Editor’s Note: Strong relationships are at the core of a happy life, but sometimes, dealing with the people in our lives is tricky. That’s why Thrive Global partnered with The Gottman Institute on this advice column, Asking for a Friend. Every week, Gottman’s relationship experts will answer your most pressing questions about navigating relationships—with romantic partners, family members, coworkers, friends, and more. Have a question? Send it to [email protected]!
My best friend of 15 years suddenly started to ghost me. I’d been reaching out every day with texts and voicemails, apologizing for anything I might have done to offend her. But after weeks of no response, I stopped. It’s bothering me a lot and I’m not sure what to do. —MK
I’ll bet you’re feeling confused and sad. You’re probably wondering why your friend cut you off so abruptly. A 15-year friendship isn’t easy to forget.
Since she isn’t responding to you, let’s take a look at what the research shows about healthy friendships. I’ll explain three important principles (with real examples) that all happen to begin with the letter B: bids, balance, and boundaries.
John Gottman calls the attempt to connect a “bid.” This can be anything from a “Hey, what’s up” text, to a look, to a touch that says, “I have something to share with you. I want you to see or hear me now.”
My client Shane (I use pseudonyms for my clients throughout this piece) is a master at making and receiving bids. With an expressive face and warm smile, he easily connects with his friends by using their names, and he stays connected by listening well and balancing conversations with thoughtful input.
Gottman research shows that exchanging bids between friends results in many small moments of positive connection. Shared jokes and gestures deepen the friendship further. When bids are missed by one or both people, the relationship lacks the more deeply nuanced integration of two personalities, and things can dissolve.
For various reasons, some people won’t succeed at bidding. Some may be unaware of their own needs, have areas of wounding, or lack insight about how to seek connection. Others will fail to pick up on the bids of friends and partners.
When bids work, the bonds of trust and familiarity strengthen, keeping things positive. But when bids are missed, we can feel neglected or not valued. We know from Gottman research that in healthy relationships, there is a ratio of five positive exchanges for every negative one.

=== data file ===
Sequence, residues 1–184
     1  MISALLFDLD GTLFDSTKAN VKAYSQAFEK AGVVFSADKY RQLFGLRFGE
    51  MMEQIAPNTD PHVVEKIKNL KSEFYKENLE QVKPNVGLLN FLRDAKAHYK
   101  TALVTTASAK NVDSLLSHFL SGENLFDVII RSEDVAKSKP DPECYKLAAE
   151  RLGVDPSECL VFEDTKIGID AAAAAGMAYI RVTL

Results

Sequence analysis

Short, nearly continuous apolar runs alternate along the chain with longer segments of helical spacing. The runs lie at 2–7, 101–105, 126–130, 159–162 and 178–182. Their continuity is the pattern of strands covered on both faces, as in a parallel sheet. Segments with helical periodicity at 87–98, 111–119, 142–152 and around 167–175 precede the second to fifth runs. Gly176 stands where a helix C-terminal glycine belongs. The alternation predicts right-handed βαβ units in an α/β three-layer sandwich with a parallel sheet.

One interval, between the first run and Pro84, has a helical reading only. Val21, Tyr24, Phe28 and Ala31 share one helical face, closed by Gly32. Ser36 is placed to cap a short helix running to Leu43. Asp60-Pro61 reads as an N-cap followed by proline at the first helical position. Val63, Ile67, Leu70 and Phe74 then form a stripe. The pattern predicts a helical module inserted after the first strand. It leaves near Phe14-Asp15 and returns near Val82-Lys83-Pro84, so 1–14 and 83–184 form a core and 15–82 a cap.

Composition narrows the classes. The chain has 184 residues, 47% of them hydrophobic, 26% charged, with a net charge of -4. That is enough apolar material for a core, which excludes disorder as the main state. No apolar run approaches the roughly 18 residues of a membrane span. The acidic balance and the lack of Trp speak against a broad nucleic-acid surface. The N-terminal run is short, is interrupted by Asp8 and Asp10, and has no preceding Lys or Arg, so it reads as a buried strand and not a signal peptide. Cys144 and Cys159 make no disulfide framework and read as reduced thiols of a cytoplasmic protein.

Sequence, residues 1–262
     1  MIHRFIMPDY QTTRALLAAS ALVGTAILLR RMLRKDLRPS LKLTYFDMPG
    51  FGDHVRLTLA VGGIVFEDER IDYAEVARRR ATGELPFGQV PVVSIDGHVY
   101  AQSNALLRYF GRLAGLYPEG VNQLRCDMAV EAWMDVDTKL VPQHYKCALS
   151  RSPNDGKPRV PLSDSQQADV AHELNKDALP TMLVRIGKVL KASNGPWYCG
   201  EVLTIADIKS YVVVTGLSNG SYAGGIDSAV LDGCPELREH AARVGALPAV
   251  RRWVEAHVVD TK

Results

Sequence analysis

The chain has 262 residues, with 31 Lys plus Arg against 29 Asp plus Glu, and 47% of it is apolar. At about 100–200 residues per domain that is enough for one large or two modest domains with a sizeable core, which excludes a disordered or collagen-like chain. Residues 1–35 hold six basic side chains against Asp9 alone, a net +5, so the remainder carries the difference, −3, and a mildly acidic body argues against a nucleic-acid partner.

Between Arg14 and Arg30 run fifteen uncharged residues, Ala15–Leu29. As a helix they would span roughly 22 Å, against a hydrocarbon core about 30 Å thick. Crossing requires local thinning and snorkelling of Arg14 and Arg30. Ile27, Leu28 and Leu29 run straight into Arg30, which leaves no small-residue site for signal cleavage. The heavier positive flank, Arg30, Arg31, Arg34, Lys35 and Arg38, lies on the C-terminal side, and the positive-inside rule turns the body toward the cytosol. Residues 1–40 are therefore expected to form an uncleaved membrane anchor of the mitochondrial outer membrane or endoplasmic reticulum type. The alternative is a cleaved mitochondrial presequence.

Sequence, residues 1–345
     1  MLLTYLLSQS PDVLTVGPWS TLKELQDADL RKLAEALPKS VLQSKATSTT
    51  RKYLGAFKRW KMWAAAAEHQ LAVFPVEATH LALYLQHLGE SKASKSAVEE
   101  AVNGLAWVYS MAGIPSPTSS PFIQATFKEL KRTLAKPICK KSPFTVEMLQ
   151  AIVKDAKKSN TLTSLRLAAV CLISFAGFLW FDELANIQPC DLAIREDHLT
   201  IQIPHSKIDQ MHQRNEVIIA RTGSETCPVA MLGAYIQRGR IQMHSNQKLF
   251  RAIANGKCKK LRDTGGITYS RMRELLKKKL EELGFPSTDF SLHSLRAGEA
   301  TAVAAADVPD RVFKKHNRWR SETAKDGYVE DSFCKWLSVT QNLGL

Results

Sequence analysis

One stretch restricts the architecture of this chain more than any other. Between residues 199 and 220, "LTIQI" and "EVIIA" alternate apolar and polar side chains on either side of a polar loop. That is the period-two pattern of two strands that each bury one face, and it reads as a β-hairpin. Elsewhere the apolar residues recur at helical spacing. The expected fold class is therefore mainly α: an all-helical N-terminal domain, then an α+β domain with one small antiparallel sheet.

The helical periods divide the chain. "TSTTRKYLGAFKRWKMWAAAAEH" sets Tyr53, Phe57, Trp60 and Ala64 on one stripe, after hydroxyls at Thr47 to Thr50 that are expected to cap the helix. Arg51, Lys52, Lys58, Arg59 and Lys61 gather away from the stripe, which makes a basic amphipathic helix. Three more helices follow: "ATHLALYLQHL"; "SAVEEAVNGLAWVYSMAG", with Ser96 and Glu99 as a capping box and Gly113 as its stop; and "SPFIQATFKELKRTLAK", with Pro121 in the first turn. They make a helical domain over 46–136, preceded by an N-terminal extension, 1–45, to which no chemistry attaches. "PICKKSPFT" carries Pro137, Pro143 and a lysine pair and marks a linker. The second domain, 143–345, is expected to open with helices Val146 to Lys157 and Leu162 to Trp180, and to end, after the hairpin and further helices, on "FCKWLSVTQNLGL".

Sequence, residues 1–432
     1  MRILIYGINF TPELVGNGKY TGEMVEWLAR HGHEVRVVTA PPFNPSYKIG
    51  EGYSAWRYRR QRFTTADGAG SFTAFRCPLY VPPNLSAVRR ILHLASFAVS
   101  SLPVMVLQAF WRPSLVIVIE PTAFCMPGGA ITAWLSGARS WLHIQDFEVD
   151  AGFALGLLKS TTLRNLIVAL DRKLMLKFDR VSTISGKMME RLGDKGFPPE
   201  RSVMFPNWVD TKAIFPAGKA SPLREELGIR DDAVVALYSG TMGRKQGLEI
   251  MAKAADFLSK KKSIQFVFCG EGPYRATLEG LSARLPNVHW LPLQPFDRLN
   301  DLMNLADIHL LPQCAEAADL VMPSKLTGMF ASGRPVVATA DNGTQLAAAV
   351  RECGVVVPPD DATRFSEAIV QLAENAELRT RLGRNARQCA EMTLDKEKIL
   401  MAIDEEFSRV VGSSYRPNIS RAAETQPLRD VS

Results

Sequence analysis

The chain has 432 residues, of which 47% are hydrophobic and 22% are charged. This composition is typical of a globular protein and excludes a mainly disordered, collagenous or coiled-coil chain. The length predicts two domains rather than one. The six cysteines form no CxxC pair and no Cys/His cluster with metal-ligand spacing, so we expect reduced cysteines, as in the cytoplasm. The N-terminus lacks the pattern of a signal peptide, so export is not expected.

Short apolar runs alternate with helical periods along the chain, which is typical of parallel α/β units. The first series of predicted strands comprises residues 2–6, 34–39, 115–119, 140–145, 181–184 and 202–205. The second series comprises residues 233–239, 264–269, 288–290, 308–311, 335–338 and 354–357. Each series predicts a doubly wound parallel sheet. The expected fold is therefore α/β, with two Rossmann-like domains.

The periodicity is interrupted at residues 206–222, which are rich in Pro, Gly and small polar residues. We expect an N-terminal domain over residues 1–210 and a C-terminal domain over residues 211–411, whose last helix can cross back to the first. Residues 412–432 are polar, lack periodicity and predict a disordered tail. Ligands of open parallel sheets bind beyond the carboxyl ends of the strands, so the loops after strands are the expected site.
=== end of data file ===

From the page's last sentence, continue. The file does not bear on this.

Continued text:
So my first guess about what happened in your friendship is that you missed one another’s bids for connection, creating an imbalance in the 5:1 ratio.
This leads to our second B word for healthy friendships, balance. If one person is always dominating the conversation, the relationship will be out of balance.
My client Chloe would miss the bids her friends would make to enter the conversation because she was always talking about her own interests. Over time, her friends grew resentful about constantly playing the listener.
Though Chloe claimed to care about her friends deeply, they didn’t feel it. Her actions said she didn’t really want to listen to them. She was more interested in being interesting. Soon her friends stopped connecting.
Healthy friendships have boundaries, which are the limits on time, attention, and other resources each person can give. If limits are not respectfully communicated, resentment forms.
When your friend honors your boundaries (like a request for less texting) or understands your needs for more emotional support, then trust and respect increase between the two of you. Failure to achieve the deeper levels of friendship where trust and respect can thrive often starts with an inability to assert boundaries.
My client Pierre is a great friend, but when he started couch surfing at Max’s apartment and then failed to repay loans, their connection dissolved. Max lacked the skills to express his boundaries to Pierre. He needed to say “no,” but perpetually said, “yes.” He just hoped that Pierre would realize enough was enough. Because he wasn’t assertive, Max’s contribution to the problem was his dishonesty.
When Pierre didn’t read his signals of frustration, Max blamed Pierre for his insensitivity and suddenly ghosted him. He never learned whether Pierre would’ve respected his wishes if he had voiced them clearly: “Hey, buddy, I can’t host you here until you repay that money.” Yes, it always takes two. Pierre could’ve set better limits on himself. But unfortunately, Max didn’t offer the sort of caring confrontation which would’ve helped Pierre know his boundaries.
Occasionally, people can share a deep connection, but the relationship still fails because one can’t integrate a part of themselves into the friendship. Sadly, these sorts of “all-or-nothing” break ups between long-time friends do occur. While I can only guess why your friend ghosted you, I hope you see some principles here to apply.
It’s good that you reached out to your friend, and it’s also wise that you stopped pursuing her. Even if you don’t reconcile, I hope you feel better equipped for future relationships by tuning in to bids, keeping things balanced, and respecting boundaries.
Often we need to allow space and time where the one who is avoiding can sort things out. If you leave this space open, your friend may enter it and approach you again. If she does, I hope you will listen with acceptance to her needs. If you can respectfully acknowledge her feelings, rather than arguing in defense of yourself, you may have a chance to win her back.
You’ll need to be firm that you deserve honesty. Her lack of disclosure about what was bothering her won’t work in the future. Realize this friendship won’t ever return to the way it was — nor should it. But you can rebuild friendship #2 on a greater foundation from learning what went wrong and repairing it. That’s how the best relationships are formed anyway!
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